Parenting Tips

On Temper Tantrums

© Victoria Todd

You’re tired; you’re hungry and you’re eager to go home.  You wearily push your shopping cart up to the check-out counter where your daughter’s eyes become transfixed on candy.  You let her know that you have wonderfully healthy treats right here in the cart and as soon as you get home, you’ll wash off a nice big peach for her to eat.  That’s when the wailing begins at full throttle.  Read more →

On Picky Eating

© Victoria Todd

Picky eating can start very early—when a child first starts eating solids.  But it seems most common during toddlerhood and may continue throughout childhood and beyond.  There your child sits stubbornly refusing a plate of your nutritious and delicious food as if it were laced with arsenic.  “Not hungry,” he mumbles with a turned face and tight lips.  But, as soon as the food is put away, this very same child will be ravenously in search of treats.  So, what’s going on?

Young children seem to be naturally suspicious of new foods.  Also, this is one of the only ways they can exert some autonomy.  You can cook it, but you can’t make him eat it.  In fact, the more you beg and plead, the less likely he is to even give it a try.  But you already know that.  So what should you do? Read more →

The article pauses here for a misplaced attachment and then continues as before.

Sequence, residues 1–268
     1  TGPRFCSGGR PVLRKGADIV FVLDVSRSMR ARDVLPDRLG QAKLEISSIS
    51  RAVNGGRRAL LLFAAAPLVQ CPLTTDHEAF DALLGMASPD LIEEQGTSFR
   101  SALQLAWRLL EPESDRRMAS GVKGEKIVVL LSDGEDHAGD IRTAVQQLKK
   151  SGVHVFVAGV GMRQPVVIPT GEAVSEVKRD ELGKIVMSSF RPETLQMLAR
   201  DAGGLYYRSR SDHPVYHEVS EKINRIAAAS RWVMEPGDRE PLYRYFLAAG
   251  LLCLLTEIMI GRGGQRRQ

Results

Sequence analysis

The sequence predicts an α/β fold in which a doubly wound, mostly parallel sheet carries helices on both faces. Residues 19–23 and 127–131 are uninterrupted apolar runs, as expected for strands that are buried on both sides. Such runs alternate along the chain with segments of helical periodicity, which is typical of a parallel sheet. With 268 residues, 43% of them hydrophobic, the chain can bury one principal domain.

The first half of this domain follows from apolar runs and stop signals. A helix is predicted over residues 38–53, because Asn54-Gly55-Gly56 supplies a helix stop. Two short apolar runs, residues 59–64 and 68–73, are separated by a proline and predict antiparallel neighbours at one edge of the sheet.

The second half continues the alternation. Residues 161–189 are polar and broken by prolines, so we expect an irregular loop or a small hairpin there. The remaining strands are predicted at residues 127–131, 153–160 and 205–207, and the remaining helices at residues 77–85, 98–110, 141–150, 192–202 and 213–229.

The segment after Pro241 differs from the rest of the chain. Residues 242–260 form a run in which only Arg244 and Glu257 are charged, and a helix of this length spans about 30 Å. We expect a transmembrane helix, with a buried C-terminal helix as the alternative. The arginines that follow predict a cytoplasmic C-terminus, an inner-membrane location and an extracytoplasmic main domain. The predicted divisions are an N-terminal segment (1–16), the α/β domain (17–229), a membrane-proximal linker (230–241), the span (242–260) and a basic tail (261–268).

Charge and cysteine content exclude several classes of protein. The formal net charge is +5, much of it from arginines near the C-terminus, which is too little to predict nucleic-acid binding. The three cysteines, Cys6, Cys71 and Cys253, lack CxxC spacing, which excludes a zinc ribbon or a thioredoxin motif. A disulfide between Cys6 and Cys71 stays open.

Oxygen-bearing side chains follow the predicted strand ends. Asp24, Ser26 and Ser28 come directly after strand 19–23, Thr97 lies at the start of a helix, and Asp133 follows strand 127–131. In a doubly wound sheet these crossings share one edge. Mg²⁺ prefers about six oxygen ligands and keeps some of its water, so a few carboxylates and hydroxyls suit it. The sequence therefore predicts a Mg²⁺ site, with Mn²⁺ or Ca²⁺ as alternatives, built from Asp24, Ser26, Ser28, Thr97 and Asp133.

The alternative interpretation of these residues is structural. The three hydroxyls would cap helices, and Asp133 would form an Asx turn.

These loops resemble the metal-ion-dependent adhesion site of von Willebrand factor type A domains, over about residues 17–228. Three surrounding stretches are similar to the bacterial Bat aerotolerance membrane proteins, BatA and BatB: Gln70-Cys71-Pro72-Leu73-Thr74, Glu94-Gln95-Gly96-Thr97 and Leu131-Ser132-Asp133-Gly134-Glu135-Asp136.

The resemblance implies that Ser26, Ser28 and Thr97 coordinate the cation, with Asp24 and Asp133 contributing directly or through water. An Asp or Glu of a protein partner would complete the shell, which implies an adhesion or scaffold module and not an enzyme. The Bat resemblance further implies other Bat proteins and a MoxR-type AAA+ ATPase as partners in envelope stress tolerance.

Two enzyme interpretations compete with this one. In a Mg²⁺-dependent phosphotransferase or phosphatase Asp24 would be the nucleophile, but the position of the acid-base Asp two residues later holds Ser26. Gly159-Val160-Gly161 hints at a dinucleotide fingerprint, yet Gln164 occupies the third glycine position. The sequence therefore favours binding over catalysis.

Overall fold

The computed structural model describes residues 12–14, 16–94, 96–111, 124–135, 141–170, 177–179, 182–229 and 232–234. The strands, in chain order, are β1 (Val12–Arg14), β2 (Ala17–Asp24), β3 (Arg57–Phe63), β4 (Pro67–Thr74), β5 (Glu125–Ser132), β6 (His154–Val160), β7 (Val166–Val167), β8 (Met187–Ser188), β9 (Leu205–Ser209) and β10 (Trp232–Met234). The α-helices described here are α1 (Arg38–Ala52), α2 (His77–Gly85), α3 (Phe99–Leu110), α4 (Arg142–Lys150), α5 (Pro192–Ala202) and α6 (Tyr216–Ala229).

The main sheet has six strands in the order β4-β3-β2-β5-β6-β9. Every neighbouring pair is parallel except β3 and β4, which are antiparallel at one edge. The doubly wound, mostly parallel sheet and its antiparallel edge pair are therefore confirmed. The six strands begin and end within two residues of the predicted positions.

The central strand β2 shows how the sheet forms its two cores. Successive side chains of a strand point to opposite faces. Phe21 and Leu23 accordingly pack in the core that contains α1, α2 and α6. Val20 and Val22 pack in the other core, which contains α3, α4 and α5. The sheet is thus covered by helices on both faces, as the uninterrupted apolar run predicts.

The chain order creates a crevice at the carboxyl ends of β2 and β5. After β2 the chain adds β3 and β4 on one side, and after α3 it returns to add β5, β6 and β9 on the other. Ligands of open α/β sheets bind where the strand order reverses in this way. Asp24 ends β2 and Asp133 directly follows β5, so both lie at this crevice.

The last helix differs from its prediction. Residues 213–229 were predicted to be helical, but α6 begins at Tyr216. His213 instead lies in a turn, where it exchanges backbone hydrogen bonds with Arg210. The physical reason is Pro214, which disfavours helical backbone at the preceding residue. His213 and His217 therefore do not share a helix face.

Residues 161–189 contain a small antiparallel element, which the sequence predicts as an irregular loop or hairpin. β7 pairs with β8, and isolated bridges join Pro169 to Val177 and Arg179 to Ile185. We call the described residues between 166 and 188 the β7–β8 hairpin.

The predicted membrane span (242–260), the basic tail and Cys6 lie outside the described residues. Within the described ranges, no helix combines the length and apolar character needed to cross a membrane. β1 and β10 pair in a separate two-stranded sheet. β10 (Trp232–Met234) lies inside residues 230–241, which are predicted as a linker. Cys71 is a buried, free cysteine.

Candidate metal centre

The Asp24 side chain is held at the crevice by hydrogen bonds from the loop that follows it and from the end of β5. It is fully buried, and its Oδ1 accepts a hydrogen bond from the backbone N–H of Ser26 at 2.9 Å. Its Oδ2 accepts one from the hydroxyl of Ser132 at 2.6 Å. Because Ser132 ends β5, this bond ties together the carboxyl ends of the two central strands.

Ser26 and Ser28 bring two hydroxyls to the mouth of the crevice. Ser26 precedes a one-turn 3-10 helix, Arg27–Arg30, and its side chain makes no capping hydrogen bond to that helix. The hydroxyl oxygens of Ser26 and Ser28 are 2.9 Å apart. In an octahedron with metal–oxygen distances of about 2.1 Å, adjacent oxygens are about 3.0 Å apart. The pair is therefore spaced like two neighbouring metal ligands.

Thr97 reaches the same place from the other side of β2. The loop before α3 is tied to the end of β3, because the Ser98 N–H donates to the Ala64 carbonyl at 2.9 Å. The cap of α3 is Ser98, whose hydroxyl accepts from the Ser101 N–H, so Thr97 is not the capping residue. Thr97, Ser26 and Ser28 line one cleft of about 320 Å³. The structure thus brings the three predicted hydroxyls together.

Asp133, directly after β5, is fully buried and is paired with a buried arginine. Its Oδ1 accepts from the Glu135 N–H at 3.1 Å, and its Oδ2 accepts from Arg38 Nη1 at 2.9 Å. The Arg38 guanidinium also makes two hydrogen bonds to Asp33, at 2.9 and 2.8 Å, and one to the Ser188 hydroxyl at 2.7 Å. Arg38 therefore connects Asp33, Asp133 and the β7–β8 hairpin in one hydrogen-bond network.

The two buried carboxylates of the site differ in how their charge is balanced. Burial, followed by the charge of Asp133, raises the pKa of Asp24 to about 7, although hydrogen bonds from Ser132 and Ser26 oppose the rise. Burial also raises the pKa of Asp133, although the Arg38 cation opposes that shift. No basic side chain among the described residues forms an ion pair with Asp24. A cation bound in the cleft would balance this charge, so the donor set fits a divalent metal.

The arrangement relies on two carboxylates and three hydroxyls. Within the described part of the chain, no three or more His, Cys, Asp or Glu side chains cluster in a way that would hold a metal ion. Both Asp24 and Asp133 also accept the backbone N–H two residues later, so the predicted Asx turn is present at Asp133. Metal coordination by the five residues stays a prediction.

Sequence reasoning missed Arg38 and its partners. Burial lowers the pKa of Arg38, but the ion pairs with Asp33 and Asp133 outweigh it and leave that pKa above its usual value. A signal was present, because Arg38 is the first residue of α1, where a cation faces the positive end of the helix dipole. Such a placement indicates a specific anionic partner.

On Bedtime Struggles

© Victoria Todd

Bedtime struggles can appear at different ages and for different reasons.  But the most common time for sleep troubles is toddlerhood and the most common reason is separation anxiety.  Feeling particularly vulnerable at night, your child wants you by his side.  So, he tries to lure you back to him with requests for a drink or one more story.  Most children who are having trouble sleeping just need reassurance that you are there and that you will keep them safe.  Regardless of how tired you are, resist the temptation to let your child get into bed with you.  Then you will have another problem—getting him out.  Read more →

On Halloween

© Victoria Todd

Halloween is right around the corner with houses decked out with witches, spiders, graves and bats.  Some adults seem to be involved in a strange competition to see who can create the most ghoulish, terrifying images and haunted basements etc.  All of this scariness is appropriate for older, school-age children and teenagers. But it can be very confusing and downright frightening for preschoolers and young children who don’t have good reality testing.  How do we know they don’t have good reality testing?  Because they believe in the tooth fairy and the Easter bunny.  Older children with better reality testing will tell you there’s no way Santa can go all over the world in one night and he’s too fat to come down a chimney.  But younger children believe he can. Read more →

On Separation Anxiety

© Victoria Todd